These 4 Measures Indicate That GDS Holdings (NASDAQ:GDS) Is Using Debt Extensively

By
Simply Wall St
Published
February 18, 2022
NasdaqGM:GDS
Source: Shutterstock

The external fund manager backed by Berkshire Hathaway's Charlie Munger, Li Lu, makes no bones about it when he says 'The biggest investment risk is not the volatility of prices, but whether you will suffer a permanent loss of capital.' So it seems the smart money knows that debt - which is usually involved in bankruptcies - is a very important factor, when you assess how risky a company is. We note that GDS Holdings Limited (NASDAQ:GDS) does have debt on its balance sheet. But the more important question is: how much risk is that debt creating?

When Is Debt Dangerous?

Debt assists a business until the business has trouble paying it off, either with new capital or with free cash flow. Ultimately, if the company can't fulfill its legal obligations to repay debt, shareholders could walk away with nothing. However, a more frequent (but still costly) occurrence is where a company must issue shares at bargain-basement prices, permanently diluting shareholders, just to shore up its balance sheet. Of course, the upside of debt is that it often represents cheap capital, especially when it replaces dilution in a company with the ability to reinvest at high rates of return. When we examine debt levels, we first consider both cash and debt levels, together.

See our latest analysis for GDS Holdings

What Is GDS Holdings's Net Debt?

You can click the graphic below for the historical numbers, but it shows that as of September 2021 GDS Holdings had CN¥20.9b of debt, an increase on CN¥13.9b, over one year. However, it also had CN¥10.1b in cash, and so its net debt is CN¥10.8b.

debt-equity-history-analysis
NasdaqGM:GDS Debt to Equity History February 18th 2022

How Healthy Is GDS Holdings' Balance Sheet?

Zooming in on the latest balance sheet data, we can see that GDS Holdings had liabilities of CN¥8.92b due within 12 months and liabilities of CN¥29.4b due beyond that. Offsetting these obligations, it had cash of CN¥10.1b as well as receivables valued at CN¥2.05b due within 12 months. So its liabilities outweigh the sum of its cash and (near-term) receivables by CN¥26.1b.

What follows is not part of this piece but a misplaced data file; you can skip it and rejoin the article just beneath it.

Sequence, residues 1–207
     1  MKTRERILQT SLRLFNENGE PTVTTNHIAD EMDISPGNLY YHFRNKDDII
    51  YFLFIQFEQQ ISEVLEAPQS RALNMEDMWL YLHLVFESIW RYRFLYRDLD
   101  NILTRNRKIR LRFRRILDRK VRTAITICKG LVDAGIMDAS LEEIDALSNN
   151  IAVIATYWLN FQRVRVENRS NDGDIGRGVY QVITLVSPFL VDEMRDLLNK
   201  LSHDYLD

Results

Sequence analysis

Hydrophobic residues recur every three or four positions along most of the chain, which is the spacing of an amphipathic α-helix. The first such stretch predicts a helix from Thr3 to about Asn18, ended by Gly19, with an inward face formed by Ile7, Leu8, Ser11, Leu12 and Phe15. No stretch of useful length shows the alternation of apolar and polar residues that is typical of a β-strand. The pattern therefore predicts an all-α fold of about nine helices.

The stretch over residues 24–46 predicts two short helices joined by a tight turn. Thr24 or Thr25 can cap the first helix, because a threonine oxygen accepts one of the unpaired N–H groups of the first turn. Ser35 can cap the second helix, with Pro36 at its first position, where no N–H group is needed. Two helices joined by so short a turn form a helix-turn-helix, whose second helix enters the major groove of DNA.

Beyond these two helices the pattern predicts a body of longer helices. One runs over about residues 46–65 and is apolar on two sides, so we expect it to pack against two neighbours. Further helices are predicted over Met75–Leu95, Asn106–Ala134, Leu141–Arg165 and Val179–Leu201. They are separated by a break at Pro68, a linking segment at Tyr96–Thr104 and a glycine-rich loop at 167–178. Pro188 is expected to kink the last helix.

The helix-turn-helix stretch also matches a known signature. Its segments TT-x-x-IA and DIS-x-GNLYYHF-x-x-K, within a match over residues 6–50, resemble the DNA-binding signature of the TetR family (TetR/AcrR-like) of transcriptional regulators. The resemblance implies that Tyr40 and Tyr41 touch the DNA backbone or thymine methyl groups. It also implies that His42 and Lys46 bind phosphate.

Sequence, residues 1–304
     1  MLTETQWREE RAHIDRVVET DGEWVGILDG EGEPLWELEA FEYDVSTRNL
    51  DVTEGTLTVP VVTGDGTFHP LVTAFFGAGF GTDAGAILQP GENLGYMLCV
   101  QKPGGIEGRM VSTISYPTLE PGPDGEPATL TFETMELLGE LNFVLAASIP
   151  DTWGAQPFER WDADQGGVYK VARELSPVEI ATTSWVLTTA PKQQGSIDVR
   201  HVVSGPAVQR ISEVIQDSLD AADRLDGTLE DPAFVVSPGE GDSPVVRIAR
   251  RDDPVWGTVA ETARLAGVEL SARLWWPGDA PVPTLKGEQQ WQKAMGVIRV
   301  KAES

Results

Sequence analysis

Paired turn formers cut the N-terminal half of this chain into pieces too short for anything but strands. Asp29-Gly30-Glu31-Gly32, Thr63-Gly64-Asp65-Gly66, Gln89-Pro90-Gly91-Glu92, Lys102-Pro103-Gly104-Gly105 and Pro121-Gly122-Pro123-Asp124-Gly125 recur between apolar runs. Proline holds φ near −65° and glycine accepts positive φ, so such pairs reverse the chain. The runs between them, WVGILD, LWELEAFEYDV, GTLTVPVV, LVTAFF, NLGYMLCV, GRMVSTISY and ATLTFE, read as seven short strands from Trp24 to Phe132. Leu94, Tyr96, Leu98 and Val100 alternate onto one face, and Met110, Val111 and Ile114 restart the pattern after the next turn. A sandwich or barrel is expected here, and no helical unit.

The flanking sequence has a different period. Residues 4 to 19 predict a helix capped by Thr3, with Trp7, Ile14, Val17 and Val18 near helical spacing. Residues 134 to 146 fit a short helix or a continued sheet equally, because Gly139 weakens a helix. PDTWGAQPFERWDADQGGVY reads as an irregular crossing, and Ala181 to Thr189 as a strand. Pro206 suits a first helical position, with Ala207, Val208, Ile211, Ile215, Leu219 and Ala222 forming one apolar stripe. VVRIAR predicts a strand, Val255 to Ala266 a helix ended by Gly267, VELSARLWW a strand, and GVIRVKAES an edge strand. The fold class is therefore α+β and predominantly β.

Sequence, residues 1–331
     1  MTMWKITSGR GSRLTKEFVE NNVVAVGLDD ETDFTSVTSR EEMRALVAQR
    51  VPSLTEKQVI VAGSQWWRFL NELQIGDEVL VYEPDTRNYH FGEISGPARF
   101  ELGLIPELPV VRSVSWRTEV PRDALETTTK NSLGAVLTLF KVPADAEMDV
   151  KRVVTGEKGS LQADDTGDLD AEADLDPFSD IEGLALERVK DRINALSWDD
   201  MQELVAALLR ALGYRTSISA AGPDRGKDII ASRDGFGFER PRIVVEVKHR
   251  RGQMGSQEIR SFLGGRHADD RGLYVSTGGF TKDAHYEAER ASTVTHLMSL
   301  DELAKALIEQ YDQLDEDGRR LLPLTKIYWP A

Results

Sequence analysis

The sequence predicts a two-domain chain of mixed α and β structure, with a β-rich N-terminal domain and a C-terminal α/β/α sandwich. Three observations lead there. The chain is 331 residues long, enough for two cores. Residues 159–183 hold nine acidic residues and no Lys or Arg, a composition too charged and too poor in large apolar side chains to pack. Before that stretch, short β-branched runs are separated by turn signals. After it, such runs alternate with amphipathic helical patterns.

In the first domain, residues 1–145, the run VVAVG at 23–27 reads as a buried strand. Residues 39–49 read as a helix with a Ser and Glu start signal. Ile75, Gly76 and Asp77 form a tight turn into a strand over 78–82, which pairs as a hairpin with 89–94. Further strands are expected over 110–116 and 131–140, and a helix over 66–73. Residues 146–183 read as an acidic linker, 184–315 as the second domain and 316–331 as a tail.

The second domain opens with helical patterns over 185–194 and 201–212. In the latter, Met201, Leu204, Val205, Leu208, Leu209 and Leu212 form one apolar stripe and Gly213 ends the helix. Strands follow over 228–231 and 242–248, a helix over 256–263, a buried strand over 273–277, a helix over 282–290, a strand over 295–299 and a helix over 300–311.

GDS Holdings has a market capitalization of CN¥50.9b, so it could very likely raise cash to ameliorate its balance sheet, if the need arose. But we definitely want to keep our eyes open to indications that its debt is bringing too much risk.

We use two main ratios to inform us about debt levels relative to earnings. The first is net debt divided by earnings before interest, tax, depreciation, and amortization (EBITDA), while the second is how many times its earnings before interest and tax (EBIT) covers its interest expense (or its interest cover, for short). This way, we consider both the absolute quantum of the debt, as well as the interest rates paid on it.

While GDS Holdings's debt to EBITDA ratio (3.7) suggests that it uses some debt, its interest cover is very weak, at 0.37, suggesting high leverage. It seems that the business incurs large depreciation and amortisation charges, so maybe its debt load is heavier than it would first appear, since EBITDA is arguably a generous measure of earnings. It seems clear that the cost of borrowing money is negatively impacting returns for shareholders, of late. Investors should also be troubled by the fact that GDS Holdings saw its EBIT drop by 11% over the last twelve months. If things keep going like that, handling the debt will about as easy as bundling an angry house cat into its travel box. There's no doubt that we learn most about debt from the balance sheet. But ultimately the future profitability of the business will decide if GDS Holdings can strengthen its balance sheet over time. So if you're focused on the future you can check out this free report showing analyst profit forecasts.

Finally, while the tax-man may adore accounting profits, lenders only accept cold hard cash. So we clearly need to look at whether that EBIT is leading to corresponding free cash flow. During the last three years, GDS Holdings burned a lot of cash. While investors are no doubt expecting a reversal of that situation in due course, it clearly does mean its use of debt is more risky.

Our View

On the face of it, GDS Holdings's interest cover left us tentative about the stock, and its conversion of EBIT to free cash flow was no more enticing than the one empty restaurant on the busiest night of the year. Having said that, its ability to handle its total liabilities isn't such a worry. We're quite clear that we consider GDS Holdings to be really rather risky, as a result of its balance sheet health. For this reason we're pretty cautious about the stock, and we think shareholders should keep a close eye on its liquidity. There's no doubt that we learn most about debt from the balance sheet. However, not all investment risk resides within the balance sheet - far from it. Case in point: We've spotted 2 warning signs for GDS Holdings you should be aware of.

Of course, if you're the type of investor who prefers buying stocks without the burden of debt, then don't hesitate to discover our exclusive list of net cash growth stocks, today.

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